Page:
The Centers for Disease Control and Prevention has announced that deaths from the varicella virus, better known as chickenpox, have decreased 96 percent since a vaccine for the disease began mainstream use in 1995.
The study was published in the journal Pediatrics under a headline declaring "near-elimination" of chickenpox deaths.
"Every kid did get chickenpox and, in the pre-vaccine era, there were 3-4 million cases a year," Jane Seward, the study's author, told CNN.com. "What people may not have realized, every year, about 105 people died of chickenpox. About half of those were children and about 11,000-12,000 were hospitalized with severe complications. We started preventing the disease to really prevent those very serious complications."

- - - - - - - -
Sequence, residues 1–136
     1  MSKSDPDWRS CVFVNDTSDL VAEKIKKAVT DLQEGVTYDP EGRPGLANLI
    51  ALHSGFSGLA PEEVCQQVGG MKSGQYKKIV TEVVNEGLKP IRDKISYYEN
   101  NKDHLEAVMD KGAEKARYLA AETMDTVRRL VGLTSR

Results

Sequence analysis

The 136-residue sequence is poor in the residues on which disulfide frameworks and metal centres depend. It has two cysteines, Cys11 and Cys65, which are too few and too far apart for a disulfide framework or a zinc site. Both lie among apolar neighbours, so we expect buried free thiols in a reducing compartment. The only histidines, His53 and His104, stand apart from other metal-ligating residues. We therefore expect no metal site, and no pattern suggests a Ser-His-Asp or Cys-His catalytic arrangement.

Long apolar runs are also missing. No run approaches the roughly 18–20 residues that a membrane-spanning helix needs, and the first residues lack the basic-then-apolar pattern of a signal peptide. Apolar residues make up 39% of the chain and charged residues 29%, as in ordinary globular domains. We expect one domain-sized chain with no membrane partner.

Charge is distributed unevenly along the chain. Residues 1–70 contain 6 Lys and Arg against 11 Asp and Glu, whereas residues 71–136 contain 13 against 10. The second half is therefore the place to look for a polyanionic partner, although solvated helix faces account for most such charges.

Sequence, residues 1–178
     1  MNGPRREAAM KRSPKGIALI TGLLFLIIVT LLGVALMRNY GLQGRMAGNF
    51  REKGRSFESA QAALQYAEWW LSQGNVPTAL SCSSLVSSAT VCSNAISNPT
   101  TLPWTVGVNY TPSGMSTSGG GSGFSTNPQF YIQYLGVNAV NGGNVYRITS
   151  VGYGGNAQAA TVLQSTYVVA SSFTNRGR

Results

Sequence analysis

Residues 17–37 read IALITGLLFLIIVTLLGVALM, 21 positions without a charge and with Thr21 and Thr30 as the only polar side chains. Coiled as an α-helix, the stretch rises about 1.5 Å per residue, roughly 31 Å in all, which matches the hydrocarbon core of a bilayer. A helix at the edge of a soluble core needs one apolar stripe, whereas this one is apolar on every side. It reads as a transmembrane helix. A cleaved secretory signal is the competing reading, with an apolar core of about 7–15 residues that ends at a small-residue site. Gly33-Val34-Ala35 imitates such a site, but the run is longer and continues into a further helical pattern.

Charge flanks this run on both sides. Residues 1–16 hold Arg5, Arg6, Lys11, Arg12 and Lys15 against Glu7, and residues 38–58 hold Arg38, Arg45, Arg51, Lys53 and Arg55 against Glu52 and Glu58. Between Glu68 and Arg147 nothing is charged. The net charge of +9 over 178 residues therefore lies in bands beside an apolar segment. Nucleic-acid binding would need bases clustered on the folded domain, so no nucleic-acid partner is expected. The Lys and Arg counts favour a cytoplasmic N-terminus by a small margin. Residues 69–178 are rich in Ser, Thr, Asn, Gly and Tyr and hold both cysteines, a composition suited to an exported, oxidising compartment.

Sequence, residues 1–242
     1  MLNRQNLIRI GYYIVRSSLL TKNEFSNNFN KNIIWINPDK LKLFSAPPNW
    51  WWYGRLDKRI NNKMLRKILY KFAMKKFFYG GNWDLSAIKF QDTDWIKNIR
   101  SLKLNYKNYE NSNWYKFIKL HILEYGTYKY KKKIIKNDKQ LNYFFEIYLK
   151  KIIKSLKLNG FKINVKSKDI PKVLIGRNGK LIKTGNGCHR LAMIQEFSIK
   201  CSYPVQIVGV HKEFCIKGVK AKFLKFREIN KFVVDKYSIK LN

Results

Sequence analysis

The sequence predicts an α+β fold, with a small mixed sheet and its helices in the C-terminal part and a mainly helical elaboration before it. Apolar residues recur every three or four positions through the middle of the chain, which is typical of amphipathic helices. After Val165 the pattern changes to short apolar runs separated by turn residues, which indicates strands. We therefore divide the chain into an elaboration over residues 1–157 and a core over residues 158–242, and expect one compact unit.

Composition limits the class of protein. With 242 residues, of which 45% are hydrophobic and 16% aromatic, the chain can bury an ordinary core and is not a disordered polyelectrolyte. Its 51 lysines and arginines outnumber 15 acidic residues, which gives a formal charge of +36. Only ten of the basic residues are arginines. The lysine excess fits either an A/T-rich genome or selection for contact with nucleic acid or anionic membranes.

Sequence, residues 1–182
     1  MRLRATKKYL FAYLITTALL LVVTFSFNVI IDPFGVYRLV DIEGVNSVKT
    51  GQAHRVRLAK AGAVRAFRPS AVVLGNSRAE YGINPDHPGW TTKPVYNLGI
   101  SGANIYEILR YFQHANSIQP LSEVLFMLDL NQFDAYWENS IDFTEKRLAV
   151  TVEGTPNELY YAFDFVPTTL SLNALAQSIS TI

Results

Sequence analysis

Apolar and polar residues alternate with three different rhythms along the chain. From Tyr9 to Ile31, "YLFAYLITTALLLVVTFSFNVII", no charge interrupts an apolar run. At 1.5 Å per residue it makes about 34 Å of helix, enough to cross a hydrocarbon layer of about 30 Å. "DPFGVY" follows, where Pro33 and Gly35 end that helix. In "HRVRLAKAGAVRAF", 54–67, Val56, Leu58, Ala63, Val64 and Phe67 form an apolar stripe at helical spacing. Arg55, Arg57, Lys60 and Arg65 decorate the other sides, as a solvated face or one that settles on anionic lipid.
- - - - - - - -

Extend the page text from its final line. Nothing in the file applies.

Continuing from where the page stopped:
People under age 50 were the greatest beneficiaries of the mortality drop, so the CDC urges older adults who have not had chickenpox to get vaccinated.
(image via: http://www.cdc.gov/)